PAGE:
States Changing Laws To Address Past Abuse In Detention Facilities

Maryland eliminated its statute of limitations for child sexual abuse complaints to facilitate lawsuits by alleged child victims against the Catholic Church, but in addition, hundreds of lawsuits have been filed in response to the lifting of the statute of limitations by people who were detained as minors in state youth detention facilities. Two hundred alleged victims have made allegations of abuse by staff and corrections officers of the detention facilities.

Victims, as young as seven at the time, allege the coercion of sexual favors for protection by staff, and offers of extra food and privileges under the threat of violence if victims reported the abuse. Other victims described vicious beatings in their cells by guards. Lea Skene, "200 victims allege child sex abuse in Maryland youth detention facilities" (Feb. 08, 2024).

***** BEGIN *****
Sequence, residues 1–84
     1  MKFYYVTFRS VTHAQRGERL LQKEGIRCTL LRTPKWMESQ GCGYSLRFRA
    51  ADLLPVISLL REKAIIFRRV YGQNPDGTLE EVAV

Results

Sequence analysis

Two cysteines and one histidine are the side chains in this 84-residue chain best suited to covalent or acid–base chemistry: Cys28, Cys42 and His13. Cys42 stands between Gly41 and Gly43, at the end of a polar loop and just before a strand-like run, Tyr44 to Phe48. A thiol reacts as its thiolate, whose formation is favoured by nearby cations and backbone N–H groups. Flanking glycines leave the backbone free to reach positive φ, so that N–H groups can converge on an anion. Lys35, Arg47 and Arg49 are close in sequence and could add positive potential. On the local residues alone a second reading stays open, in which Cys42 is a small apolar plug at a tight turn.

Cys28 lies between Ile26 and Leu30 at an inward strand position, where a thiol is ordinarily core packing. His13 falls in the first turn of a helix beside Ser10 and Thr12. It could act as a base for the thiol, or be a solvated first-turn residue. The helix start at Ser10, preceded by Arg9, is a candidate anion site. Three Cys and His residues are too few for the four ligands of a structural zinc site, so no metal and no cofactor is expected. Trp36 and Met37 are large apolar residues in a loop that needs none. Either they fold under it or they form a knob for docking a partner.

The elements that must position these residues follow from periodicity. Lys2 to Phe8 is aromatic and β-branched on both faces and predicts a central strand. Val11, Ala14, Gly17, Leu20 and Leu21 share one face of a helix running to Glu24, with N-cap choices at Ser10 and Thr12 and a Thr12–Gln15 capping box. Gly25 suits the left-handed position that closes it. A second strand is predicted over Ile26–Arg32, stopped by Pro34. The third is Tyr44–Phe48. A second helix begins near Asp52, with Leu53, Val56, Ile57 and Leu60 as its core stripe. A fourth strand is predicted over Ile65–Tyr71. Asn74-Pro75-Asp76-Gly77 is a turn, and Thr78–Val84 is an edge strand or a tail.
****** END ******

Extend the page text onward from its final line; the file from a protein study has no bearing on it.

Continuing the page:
Commentary and Checklist


In addition to Maryland, there are similar lawsuits filed in Illinois, New Jersey, and New York – more than 200 more alleged victims of juvenile detention abuse.

More than a dozen states have changed their laws recently to allow child survivors of abuse to sue as adults. Child USA, a nonprofit, tracks child victim laws nationwide.

Organizations that provide services and/or house children must have policies and procedures in place to protect those children from all types of abuse.

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